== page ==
An estimated 50% of marriages in the United States end in separation, with an estimated 46,523 divorces filed each week. While these relationships may fail for a variety of reasons, a divorce case in Dubai recently gained international attention for its unusual cause: the plaintiff reportedly filed for separation on the grounds that his wife was possessed by a djinn.
Now a familiar presence in many works of fiction, djinn or genies were originally known as supernatural creatures in Islamic mythology. While modern popular culture typically depicts genies as mischievous, wish-granting spirits often trapped in bottles or oil lamps, the Quran and The Arabian Nights describe them as one of the three sapient creations of God, made from fire and inhabiting an unseen world. Like humans and angels, djinn can be either good, evil, or neutral, and like humans, have free will. As a result, people in Islamic cultures often believe that djinn often interfere with human affairs, sometimes even possessing their bodies for their own ends.
In the case of the plaintiff in Dubai, that intention was apparently to send his marriage into disarray: after repeatedly refusing sex, the man’s wife reportedly told him to discuss the issue with her parents. His mother and father-in-law then told the plaintiff that his wife was possessed by a djinn, claiming that several religious scholars had unsuccessfully tried to exorcise the spirit in the past.
Upon learning this news, the man filed for divorce with the Dubai Sharia Court. In a hearing, his lawyer stated that the plaintiff had been cheated by his wife and her family, who had attempted to hide her possession until the problem grew significantly worse. Because of this, the plaintiff and his lawyer argued that the man should not have to pay alimony to his former spouse.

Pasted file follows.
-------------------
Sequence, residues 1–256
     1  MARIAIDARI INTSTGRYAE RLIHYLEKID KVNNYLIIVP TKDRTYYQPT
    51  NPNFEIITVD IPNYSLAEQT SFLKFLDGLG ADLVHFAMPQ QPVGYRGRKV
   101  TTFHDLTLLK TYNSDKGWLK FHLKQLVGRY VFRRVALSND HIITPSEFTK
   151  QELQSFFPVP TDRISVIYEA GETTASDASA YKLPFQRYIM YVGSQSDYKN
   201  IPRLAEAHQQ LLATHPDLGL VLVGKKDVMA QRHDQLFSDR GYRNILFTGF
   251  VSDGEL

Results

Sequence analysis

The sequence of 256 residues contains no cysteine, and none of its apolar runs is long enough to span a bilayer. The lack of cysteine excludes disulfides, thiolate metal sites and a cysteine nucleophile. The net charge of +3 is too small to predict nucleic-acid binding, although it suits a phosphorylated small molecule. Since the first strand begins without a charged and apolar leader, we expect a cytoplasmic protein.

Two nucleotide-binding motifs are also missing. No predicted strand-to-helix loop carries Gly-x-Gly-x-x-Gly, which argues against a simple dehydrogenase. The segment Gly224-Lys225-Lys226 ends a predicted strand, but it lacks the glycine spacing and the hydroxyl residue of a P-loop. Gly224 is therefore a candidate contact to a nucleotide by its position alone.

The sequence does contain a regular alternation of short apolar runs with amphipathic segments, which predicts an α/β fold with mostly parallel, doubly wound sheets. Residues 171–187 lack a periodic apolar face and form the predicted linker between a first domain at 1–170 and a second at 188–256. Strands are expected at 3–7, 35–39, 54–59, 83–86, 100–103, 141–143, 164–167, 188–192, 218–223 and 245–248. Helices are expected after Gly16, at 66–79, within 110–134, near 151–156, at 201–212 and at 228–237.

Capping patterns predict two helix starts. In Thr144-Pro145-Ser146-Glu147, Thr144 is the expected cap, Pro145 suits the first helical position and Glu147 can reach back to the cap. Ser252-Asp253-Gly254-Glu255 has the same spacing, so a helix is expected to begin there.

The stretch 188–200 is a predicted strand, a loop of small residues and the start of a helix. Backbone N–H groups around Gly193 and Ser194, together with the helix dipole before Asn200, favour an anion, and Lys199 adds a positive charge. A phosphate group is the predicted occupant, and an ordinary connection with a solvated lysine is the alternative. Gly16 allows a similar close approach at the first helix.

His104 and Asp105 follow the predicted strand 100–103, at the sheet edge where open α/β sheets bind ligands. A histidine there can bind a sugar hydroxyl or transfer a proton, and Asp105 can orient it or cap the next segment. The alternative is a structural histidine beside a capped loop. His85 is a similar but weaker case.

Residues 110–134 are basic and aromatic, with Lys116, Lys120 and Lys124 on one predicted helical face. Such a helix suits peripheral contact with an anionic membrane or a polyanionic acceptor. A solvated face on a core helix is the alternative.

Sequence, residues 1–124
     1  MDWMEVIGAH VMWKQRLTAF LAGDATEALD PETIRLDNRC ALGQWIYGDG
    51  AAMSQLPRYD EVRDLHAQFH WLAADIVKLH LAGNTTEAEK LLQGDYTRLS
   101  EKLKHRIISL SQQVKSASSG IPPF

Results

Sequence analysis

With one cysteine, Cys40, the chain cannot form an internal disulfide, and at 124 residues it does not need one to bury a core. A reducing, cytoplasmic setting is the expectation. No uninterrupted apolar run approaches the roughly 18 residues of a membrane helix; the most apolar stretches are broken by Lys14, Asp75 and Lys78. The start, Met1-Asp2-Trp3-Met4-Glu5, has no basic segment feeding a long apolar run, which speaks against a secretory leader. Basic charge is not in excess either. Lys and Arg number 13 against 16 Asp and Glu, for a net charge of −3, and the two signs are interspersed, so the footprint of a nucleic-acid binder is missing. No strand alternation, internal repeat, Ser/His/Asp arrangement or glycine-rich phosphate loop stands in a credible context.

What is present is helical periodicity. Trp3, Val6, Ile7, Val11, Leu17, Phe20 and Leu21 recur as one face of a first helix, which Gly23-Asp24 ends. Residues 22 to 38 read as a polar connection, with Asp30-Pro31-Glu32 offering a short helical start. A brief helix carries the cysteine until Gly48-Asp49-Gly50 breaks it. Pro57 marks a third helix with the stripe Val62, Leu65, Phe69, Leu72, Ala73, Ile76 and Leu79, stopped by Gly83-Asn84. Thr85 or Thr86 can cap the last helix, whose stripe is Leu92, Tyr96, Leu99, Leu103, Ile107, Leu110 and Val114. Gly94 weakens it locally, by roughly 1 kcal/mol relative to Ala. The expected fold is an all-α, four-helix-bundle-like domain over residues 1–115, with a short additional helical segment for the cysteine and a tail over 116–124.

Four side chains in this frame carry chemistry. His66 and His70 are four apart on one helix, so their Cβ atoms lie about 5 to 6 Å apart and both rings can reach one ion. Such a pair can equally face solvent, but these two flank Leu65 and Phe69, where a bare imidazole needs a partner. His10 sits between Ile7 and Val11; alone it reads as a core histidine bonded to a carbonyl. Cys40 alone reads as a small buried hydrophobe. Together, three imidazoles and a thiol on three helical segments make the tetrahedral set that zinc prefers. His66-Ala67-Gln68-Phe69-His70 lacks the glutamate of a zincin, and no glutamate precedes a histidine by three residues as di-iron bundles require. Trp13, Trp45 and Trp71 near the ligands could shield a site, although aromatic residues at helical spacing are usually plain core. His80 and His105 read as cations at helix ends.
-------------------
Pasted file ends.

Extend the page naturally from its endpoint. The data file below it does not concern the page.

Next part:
While demonic possession is a fairly uncommon reason for legal separation, cultural and spiritual issues can be common causes of marital strife around the world.
“Putting aside the ridiculousness of the husband’s argument, North Carolina requires allegations of marital misconduct to prohibit and/or limit alimony. Obviously, his argument regarding his wife’s possession would not amount to anything meaningful in our courts. However, it certainly makes for good entertainment,” says MJ Julyan, Esq.,Divorce Attorney, Julyan Law firm, PLLC.
Divorce is considered a serious matter in the United Arab Emirates; however, Dubai has one of the highest divorce rates in the region, with a reported 1,129 divorces in 2012. After undergoing a three- to six-month process, the court granted the couple’s divorce, but asked the plaintiff to pay around 40,000 dirhams, or 11,000 US dollars, to his ex-wife. Later, the Dubai Appeals Court ruled that although the divorce was legitimate, the woman did not deserve the alimony payment due to her decision to withhold her possession from her husband.